A healthy body weight looks different on everyone.
There are MANY reasons why individuals would want to maintain a healthy body weight, eat more fruits and vegetables, and have healthy lifestyle habits. For example, preventing Type 2 diabetes, heart disease, living a long, independent life, feeling well, and improving mental health.
Nutrition and Cancer
According to the American Cancer Society, more than 4 in 10 cancers and cancer deaths have been linked to modifiable lifestyle risk factors. Excess body weight has been associated with increased risk for certain types of cancer. Eating fewer fruits and veggies has been linked to certain types of cancers, and many dietary factors may play a role in increased risk for colorectal cancer.
However, there is no body size or specific BMI range that can adequately capture someone’s overall health. Eating healthy should feel good both physically and psychologically, resulting in a satisfying experience. That’s why it’s important to find the balance between information and pleasure.
What is Healthy Eating?
Did you know 95% of all dieters will regain their lost weight in 1-5 years? Unless you have an extreme adverse food reaction, food allergy, or medical condition such as celiac disease preventing ingestion of certain foods, dieting is not recommended.
Also, Americans spend over $60 billion on dieting and diet products each year, however more than half of all advertising for weight-loss products made use of false, unsubstantiated claims. And, diets don’t consider the ever-changing human body!
So how does one minimize risk for cancer development and recurrence along with other chronic health conditions, while feeling more at ease around all foods and start to lessen feelings of being out-of-control with our eating, food preoccupation, guilt, and stress?
I’ll give you one hint on how we do this–and the good news is it doesn’t involve dieting!
So what does healthy eating look like? It involves having a healthy balance of foods AND having a healthy relationship with food. There is no GUILT around food, and eating may even feel pleasurable and satisfying.
Dieting can make you categorize foods as “good” or “bad” to the point where you may think you’re “good” if you eat a “diet approved” food or “bad” if you eat something like sweets or a restricted food. Food is not a moral issue; you are not bad or good based on what you eat (unless you stole that food, of course!).
Lessen feelings of preoccupation, guilt and stress around food
Before going on a diet, many people will eat all the foods they think won’t be allowed. The diet feels like a threat to your mind and body and you may eat even if you’re not hungry. You eat a “forbidden food” and feel like you failed, which can promote overeating.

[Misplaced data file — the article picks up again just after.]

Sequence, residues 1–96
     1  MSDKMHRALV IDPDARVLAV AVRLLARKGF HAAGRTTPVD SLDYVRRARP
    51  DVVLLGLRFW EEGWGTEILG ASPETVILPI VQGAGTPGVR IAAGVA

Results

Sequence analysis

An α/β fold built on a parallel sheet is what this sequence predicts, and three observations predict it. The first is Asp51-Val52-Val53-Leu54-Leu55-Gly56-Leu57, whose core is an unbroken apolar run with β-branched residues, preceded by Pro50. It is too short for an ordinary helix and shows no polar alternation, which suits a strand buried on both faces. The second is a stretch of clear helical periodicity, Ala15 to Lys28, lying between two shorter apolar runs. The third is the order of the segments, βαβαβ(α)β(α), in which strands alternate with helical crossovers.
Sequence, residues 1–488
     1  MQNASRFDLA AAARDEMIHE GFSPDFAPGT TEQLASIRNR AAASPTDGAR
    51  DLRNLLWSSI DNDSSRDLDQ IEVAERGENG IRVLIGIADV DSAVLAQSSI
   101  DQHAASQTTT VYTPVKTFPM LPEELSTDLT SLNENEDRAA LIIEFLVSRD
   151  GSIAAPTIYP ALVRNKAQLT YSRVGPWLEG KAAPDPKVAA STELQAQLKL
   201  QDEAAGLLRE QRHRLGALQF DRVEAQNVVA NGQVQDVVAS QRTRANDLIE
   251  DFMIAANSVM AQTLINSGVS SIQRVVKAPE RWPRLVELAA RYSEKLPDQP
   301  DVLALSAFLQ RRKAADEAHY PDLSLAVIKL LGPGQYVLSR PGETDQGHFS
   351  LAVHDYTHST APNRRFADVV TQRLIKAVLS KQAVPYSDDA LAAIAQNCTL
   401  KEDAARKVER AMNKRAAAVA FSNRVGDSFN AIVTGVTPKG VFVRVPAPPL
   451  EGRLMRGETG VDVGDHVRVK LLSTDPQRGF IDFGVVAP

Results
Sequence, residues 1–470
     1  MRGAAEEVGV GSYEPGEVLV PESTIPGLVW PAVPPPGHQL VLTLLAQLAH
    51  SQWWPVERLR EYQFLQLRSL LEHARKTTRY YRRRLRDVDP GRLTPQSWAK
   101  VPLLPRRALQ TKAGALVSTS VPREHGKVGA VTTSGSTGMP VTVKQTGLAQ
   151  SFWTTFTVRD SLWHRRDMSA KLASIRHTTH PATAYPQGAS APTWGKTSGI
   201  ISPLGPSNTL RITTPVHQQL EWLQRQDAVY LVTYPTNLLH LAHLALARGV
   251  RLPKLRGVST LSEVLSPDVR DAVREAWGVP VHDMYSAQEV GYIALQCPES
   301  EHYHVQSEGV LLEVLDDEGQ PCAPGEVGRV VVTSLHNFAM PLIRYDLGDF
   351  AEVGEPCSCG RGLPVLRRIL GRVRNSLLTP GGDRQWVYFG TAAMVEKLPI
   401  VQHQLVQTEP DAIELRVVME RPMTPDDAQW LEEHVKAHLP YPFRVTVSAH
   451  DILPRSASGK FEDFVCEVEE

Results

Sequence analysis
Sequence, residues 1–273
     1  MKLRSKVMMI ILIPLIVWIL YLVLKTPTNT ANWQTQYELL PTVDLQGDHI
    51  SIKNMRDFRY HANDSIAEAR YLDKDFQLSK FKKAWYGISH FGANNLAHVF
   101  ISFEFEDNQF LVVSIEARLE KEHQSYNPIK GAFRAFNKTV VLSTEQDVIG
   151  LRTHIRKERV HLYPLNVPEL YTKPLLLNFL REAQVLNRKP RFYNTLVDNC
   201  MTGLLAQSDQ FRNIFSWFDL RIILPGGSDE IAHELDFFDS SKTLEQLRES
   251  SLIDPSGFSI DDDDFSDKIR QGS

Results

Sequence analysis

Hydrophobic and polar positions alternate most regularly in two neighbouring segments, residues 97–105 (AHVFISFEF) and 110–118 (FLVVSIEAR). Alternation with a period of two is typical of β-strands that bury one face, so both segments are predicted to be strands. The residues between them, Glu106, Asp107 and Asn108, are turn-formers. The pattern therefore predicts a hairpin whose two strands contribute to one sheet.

So, the question begs, how do we nourish our bodies properly to prevent cancer and cancer recurrence, along with other chronic illness including diabetes and heart disease, while feeling at ease around all foods and lessening feelings of being out-of-control with our eating?
Use these tips for gaining control with eating
For starters, here are a few helpful things to keep in mind:
- It’s not “bad” to eat for reasons other than hunger; we are human!
- Minimize “distracted” eating such as eating in front of TV, while reading on a phone, etc. This makes it EXTREMELY difficult to be able to truly assess how hungry, full, and satisfied we feel when we eat. Our brains are NOT efficient at multitasking, as much as we like to believe they are!
- Try to limit going more than ~5+ waking hours without eating; especially if you’re someone who feels out of touch with their hunger and fullness cues. This is when our energy reserves usually run low.
- When you are getting ready to eat a meal or a snack ask yourself ‘Where am I on the hunger/fullness scale?’ (See Hunger/Fullness Scale below). Ideally, you’ll be around a 3 or 4. Halfway through your meal pause for a couple of seconds and check in with yourself: ‘Where am I on the scale now?’ Eat until you get to a 6-7, then practice stopping.
- If you don’t listen to your body—feeding it when it’s hungry, stopping when it’s not—you can distort your hormonal hunger and fullness cues (see Hunger/Fullness Scale).
How to Regain Pleasure in Eating: Step-by-Step Guide
(Adapted from the book “Intuitive Eating: An Anti-Diet Revolutionary Approach” by Evelyn Tribole and Elyse Resch)
Ask yourself the following questions:
- What do you REALLY want to eat? Ask yourself this, and then enjoy it! Give yourself permission to eat this food.
- Pleasure of the palate: Try not to worry about what you are eating or how you’ll work off what you already ate. Experience what you’re eating in the moment. Tune into the sensual qualities of food: taste, texture, aroma, appearance, temperature, and how the food makes you feel.
- Create an enjoyable eating experience: Provide variety, be available to appreciate your food, sit down for a meal, eat slowly, check in with your fullness, and savor each bite. Eat when you’re gently hungry vs. overly hungry. Eat in a pleasant environment, when possible. Do your best to avoid tension.
- Don’t settle. If you are enjoying the food keep eating it, and if you’re not know that you can stop eating at any time.
- Check-in: Does it still taste good? Continued exposure to a food decreases desire for that food! The first few bites may taste better than the last ones.
In the U.S. food is often seen as the enemy. The pleasure and satisfaction that can be found in the eating experience is one of the gifts of existence. Food quantity decreases when you are present and savoring what you’re eating; allowing yourself pleasure and satisfaction during the eating experience.